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Hat

  • Place of origin:

    Jamaica (possibly, made)

  • Date:

    1980s (made)

  • Artist/Maker:

    Unknown

  • Materials and Techniques:

    Machine-knitted wool

  • Museum number:

    T.174-1994

  • Gallery location:

    In Storage

This crocheted wool tam (hat) formed part of an outfit put together by Derek Falconer of Crazy Clothes for the exhibition Streetstyle, From Sidewalk to Catwalk, 1940 to Tomorrow held at the V&A in 1994-5. The complete outfit consisted of the hat; an army surplus camouflage jacket; a cotton shirt; a printed cotton t-shirt; army surplus wool trousers; a nylon belt; a terracotta, coconut and rubber bong; an elastic towelling sweatband and Ellesse leather boots. It reflected a style of dress worn by UK Rastafarians in the 1970s.

The Rastafarian movement started in Jamaica in the 1930s. Working-class Jamaicans were inspired by the anti-colonial teachings of Marcus Garvey, who sought an ‘Africa for the Africans’, and by the coronation of the Ethiopian emperor Haile Selassie (Ras Tafari Makonnen). Followers of the movement rejected the trappings of western modernity. They wore clothes made of natural fibres and allowed their hair to form dreadlocks.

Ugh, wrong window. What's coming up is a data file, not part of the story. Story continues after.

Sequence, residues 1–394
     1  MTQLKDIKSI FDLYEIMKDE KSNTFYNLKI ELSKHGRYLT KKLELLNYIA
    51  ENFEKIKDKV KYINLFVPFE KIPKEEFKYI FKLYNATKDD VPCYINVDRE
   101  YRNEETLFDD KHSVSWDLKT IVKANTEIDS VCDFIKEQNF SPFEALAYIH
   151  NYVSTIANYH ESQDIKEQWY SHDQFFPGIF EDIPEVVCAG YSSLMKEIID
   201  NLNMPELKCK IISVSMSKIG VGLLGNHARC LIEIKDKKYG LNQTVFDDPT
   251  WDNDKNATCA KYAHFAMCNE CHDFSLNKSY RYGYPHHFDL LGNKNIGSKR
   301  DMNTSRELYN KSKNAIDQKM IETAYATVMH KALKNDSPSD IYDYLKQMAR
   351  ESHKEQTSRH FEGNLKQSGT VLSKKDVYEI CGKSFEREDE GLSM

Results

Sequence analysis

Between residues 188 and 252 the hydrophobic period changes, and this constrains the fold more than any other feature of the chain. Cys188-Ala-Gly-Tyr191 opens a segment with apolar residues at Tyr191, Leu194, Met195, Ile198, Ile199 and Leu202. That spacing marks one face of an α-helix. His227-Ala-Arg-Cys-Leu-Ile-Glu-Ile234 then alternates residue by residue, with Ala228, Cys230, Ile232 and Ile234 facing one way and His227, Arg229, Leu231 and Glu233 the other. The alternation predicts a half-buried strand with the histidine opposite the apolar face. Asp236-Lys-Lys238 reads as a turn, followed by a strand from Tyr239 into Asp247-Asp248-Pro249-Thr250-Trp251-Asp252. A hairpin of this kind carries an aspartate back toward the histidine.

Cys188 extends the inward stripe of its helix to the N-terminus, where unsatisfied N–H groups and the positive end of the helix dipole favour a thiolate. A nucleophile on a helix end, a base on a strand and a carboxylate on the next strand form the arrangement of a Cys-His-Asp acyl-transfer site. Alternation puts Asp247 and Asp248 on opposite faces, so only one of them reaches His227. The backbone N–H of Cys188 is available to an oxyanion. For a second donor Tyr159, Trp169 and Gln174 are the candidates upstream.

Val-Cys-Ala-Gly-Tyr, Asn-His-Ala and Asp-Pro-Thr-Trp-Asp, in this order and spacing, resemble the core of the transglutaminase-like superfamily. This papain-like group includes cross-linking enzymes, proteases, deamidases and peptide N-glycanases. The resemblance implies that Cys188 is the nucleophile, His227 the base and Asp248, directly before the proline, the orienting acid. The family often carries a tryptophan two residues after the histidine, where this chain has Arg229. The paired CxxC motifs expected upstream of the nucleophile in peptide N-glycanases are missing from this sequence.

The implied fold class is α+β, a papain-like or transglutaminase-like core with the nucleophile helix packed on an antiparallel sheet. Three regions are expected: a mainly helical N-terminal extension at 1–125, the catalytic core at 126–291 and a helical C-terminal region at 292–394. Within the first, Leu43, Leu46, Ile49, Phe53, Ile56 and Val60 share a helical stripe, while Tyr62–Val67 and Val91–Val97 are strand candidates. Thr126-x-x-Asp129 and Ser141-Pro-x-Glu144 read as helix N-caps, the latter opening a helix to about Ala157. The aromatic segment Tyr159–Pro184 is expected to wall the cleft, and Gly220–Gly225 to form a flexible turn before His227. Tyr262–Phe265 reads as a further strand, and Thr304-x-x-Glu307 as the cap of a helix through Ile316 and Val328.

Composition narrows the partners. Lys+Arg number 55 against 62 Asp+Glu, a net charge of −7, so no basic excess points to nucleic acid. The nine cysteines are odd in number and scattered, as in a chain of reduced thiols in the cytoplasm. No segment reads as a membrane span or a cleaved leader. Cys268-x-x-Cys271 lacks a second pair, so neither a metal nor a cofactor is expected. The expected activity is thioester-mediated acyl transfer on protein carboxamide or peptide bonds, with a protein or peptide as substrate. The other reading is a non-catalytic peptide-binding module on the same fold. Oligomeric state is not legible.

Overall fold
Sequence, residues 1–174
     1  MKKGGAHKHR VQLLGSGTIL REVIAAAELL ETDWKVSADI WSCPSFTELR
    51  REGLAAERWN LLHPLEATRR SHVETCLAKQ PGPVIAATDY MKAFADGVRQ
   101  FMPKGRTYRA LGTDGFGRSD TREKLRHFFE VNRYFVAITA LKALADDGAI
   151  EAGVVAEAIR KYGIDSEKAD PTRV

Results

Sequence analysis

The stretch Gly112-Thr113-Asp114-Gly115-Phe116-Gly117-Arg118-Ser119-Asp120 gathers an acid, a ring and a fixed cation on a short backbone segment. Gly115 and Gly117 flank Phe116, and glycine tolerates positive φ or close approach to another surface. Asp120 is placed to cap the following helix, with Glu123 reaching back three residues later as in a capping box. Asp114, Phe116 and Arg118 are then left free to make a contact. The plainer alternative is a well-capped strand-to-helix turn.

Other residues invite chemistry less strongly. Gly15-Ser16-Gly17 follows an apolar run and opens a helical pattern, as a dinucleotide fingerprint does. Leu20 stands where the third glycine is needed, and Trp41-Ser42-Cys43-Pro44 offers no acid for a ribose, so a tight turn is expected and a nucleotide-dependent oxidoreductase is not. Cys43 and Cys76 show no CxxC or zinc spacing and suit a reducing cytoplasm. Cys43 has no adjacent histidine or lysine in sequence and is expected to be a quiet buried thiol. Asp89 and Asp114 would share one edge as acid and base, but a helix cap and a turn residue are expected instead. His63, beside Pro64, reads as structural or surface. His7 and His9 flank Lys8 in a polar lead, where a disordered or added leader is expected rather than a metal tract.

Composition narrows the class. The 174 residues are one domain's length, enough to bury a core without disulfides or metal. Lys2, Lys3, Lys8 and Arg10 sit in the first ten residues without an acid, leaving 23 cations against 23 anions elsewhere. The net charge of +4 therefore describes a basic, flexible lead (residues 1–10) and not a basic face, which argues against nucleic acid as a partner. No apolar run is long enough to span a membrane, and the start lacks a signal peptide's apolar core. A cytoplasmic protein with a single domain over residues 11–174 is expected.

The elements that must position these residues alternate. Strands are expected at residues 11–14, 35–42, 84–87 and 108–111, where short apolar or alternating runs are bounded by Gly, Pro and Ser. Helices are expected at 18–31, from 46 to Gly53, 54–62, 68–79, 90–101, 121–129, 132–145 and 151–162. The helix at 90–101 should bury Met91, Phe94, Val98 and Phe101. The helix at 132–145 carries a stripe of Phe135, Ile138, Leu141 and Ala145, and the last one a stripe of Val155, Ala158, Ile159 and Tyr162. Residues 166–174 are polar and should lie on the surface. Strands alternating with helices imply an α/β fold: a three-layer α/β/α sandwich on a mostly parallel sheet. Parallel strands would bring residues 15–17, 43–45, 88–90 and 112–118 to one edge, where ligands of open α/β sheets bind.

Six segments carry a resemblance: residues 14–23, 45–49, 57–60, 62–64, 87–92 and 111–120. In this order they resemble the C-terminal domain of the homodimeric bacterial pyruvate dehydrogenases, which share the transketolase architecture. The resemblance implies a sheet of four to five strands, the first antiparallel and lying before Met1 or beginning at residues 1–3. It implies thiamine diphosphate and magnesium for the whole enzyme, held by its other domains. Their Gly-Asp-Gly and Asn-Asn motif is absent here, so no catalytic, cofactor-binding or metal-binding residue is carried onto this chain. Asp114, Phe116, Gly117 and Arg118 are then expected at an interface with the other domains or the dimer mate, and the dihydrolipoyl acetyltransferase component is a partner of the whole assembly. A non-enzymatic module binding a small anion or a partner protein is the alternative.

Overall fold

The Streetstyle outfit represented the ‘classic’ style of Rastafari at the time of its widest influence in Britain. By the 1970s Rastafarianism had become a fundamental force in the lives of many young black men and women in Britain. It encouraged them to draw strength from their African heritage in an often hostile environment.

Physical description

Machine-knitted crochet wool hat (tam) in black, green, yellow and red.

Place of Origin

Jamaica (possibly, made)

Date

1980s (made)

Artist/maker

Unknown

Materials and Techniques

Machine-knitted wool

Object history note

Purchased. Registered File number 1994/516.

Historical context note

This hat were purchased from Crazy Clothes Connection, a vintage clothing shop in London's Notting Hill neighbourhood. Crazy Clothes Connection was opened in the mid-1990s by Derek Falconer and his daughter Esther. The shop specialises in women’s and men’s clothing and accessories from the 1920s to the 1970s.

Descriptive line

Hat, machine-knitted wool tam, Jamaican, 1980s, part of Rastafarian man's outfit (Streetstyle exhibition)

Bibliographic References (Citation, Note/Abstract, NAL no)

De la Haye, Amy and Cathie Dingwall. Surfers Soulies Skinheads & Skaters, Subcultural style from the forties to the nineties. London: Victoria & Albert Museum, 1996

Materials

Wool yarn

Techniques

Machine knitted

Categories

Rastafarian; Black History; Hats & headwear; Men's clothes; Fashion

Collection

Textiles and Fashion Collection

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